I bend over the sink and breathe in deep. A sharp, clear smell enters me. The stale and the rot of the pipes. What saliva or spit or blood still sticks unctuously to the iron walls like wriggling struggling worms, not letting go, like waving weeds in water. I open a weight of water onto the drainhole. The water is gobbled up in a violent glugging rhythm. I breathed out after that and quickly inhaled my breath. Was it foul? The gums—brandish them in the steely mirror. There was the red lining again. Bleeding gums are more mind cutting than a bleeding vagina. It feels as if the whole reservoir of blood is right next to the surface of quiet matter. Even if you only tap gums with a toothprick the tank bursts a leak. Blood springs out into the open, happily, taking the curves of the gums and expanding to settle on teethbone. Unknowing tongue, of course, comes upon this blood in the dark and disturbed, leaps like a tail trod on.

I’m talking to someone and suddenly, creeping deviously between my flashing teeth, crimson blood shows its face. I see the expression on the opposite face—confused by this unexpected nudity. Have they stepped mistakenly into my bathroom as I bend over the basin, bloody.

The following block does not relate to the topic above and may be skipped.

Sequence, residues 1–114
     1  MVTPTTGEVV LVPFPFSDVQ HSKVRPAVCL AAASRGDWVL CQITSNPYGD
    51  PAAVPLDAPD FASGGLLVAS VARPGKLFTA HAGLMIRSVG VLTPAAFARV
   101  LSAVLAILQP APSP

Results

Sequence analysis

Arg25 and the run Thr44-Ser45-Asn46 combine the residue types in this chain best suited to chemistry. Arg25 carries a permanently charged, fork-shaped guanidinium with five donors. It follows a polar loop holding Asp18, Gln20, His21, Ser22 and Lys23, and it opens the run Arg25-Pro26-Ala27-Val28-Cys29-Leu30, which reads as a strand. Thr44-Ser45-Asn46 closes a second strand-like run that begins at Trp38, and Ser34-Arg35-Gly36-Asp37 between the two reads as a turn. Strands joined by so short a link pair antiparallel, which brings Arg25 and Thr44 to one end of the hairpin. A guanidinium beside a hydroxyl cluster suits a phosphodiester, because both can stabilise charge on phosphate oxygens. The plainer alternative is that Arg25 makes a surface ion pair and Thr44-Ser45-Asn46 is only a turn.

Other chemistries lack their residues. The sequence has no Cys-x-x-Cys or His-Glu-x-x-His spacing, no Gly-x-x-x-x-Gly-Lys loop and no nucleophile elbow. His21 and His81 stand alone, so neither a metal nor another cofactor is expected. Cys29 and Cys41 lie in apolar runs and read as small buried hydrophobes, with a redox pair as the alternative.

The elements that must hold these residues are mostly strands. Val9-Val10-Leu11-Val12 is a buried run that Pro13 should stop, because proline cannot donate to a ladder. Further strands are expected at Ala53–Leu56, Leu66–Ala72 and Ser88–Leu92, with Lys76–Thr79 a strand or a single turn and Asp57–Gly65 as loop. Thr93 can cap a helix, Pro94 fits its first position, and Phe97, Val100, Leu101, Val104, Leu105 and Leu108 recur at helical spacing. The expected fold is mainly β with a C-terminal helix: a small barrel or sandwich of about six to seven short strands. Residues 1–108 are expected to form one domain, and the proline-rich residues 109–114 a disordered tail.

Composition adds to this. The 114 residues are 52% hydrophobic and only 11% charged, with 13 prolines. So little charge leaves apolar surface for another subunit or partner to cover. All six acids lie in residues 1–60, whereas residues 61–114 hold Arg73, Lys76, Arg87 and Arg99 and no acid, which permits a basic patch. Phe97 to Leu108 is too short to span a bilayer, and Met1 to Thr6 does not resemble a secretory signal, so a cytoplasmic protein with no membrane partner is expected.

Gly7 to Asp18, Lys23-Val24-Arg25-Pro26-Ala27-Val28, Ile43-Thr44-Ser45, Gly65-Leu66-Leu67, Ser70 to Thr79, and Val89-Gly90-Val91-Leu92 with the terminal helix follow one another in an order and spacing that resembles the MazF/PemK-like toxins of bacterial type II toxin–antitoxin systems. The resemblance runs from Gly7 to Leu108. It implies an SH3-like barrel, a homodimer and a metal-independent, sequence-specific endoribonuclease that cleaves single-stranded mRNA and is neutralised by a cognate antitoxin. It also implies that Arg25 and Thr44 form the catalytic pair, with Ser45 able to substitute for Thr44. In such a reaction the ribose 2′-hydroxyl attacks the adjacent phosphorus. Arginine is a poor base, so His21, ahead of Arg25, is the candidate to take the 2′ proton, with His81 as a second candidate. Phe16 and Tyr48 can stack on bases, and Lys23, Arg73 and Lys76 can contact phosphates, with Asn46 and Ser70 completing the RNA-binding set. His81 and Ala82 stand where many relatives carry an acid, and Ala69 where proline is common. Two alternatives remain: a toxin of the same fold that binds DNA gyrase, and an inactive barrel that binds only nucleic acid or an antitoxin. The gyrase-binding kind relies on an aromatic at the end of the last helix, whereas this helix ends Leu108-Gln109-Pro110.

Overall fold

MR: Do you think ‘macabre’ is how you perceive it? Because for me it was reality. I was just reporting. As for that particular example, my gums bled so I wrote about it. The image is also in other poems. Here’s a poem from Catapult Season with a bloody bite:

Do you give yourself the vanity of depression too?
The master said, oh go
tend your flesh.
The guava refused me when I bit it,
spurted blood on my winter lips.

Well, some of what I write can be called macabre. But more often, there’s the comic side to that also.

SR: In these poems, it’s as if your unconscious is speaking directly to the reader.

MR: Like dream state. Maybe it’s because there’s no topic or theme I’m attempting to write to. Sometimes lines would just come, when I was doing something completely unrelated to writing (Like the line ‘snakes don’t bleed when they molt’ was when I first had sex). I guess all sorts of connections occur in the subconscious and they just pop out, like flotsam and jetsam out of a marsh.

This entry was posted in INTERVIEWS and tagged , , , . Bookmark the permalink.

Related work:

Comments are closed.